How do you pronounce that name?
“Uh-LAY-thei-uh.” Emphasis on the second syllable; the third syllable is like “thief” without the ‘f’. And with the ‘i’ and ‘e’ transposed.
Why does that first ‘e’ sound like a long ‘a’?
Because it indicates a Greek eta. Kind of a pain, I guess, but we didn’t get to develop the transliteration rules.
Won’t that be too hard for her teachers to learn?
1. They’ll cope. If she has a teacher without the personal interest in her students or the intellectual curiosity to learn an elegant, classical name then we’ll know right away that we should move her into another classroom.
2. Turnabout’s fair play. Won’t they be asking her to learn words she’s never seen before?
3. Not when she gets to Harvard.
Please tell me she at least gets a nickname.
In a crunch, call her “Allie.” We’ll know who you mean.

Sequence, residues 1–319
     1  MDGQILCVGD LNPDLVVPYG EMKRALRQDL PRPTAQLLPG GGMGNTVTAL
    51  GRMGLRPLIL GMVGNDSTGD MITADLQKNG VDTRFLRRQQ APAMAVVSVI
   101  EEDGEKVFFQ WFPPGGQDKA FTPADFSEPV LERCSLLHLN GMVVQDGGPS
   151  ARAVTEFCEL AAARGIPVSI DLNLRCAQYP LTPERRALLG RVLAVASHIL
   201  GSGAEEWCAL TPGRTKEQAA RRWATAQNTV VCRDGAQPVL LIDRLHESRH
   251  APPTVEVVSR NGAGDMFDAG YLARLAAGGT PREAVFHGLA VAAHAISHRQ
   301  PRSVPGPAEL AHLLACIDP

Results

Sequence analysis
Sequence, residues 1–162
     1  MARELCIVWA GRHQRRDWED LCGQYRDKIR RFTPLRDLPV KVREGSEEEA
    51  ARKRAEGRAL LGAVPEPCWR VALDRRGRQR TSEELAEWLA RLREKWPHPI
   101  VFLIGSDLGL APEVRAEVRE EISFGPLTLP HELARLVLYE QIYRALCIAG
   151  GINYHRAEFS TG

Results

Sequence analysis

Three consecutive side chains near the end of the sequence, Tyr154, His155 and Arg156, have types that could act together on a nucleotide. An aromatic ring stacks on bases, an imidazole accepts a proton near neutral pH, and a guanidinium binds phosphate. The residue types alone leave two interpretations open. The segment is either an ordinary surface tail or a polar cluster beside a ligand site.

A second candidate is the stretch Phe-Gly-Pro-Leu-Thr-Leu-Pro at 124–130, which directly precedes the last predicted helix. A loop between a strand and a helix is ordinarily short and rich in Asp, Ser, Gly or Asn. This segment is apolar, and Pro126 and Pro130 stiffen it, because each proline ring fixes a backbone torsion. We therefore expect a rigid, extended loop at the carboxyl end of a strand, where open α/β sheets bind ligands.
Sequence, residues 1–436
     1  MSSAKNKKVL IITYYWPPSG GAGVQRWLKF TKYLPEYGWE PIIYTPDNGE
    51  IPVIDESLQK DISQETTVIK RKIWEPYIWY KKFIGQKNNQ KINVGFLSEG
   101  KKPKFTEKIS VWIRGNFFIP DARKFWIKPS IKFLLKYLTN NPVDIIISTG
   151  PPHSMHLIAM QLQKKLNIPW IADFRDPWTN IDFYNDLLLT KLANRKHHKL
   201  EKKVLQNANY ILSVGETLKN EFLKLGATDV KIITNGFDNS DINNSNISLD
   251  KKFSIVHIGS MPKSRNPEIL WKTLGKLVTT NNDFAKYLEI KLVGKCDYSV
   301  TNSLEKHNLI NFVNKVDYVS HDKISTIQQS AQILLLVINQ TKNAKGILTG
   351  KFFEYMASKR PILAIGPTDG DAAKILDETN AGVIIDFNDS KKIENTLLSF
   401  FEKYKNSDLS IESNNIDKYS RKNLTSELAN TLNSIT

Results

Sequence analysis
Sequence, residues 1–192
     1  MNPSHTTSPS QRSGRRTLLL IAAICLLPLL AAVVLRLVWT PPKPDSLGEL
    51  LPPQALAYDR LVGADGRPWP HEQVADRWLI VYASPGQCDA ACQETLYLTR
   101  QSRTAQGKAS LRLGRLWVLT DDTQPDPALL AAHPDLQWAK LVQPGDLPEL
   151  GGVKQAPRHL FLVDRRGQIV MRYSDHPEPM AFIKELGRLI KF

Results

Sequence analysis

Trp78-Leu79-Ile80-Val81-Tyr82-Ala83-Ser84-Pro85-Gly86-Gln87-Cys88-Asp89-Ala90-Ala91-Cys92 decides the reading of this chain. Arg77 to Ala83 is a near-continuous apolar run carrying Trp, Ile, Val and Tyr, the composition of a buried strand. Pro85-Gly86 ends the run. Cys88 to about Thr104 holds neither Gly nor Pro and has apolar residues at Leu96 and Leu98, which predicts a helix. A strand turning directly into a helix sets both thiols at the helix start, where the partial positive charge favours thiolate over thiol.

Where does the name Aletheia come from?
Greek literature, especially the New Testament. It means ‘truth.’ You shall know Aletheia, and Aletheia shall set you free. Her dad learned it in the fall of 1993 when he was studying Greek and thought it would be a great name if he ever had a daughter. Almost thirteen years later, that little girl is almost here!
Thanks for taking the time to answer my questions! I was about to say something rude and intrusive about your unique choice, but now I see that it’s a beautiful sounding name with deep Biblical roots and a wonderful meaning! I can tell that you put a lot of thought into it, and it’s a very appropriate name for a little girl whose parents have five Bible degrees between them.
Thank you for your kind words. We like your kids’ names, too. But if we didn’t we’d never admit it.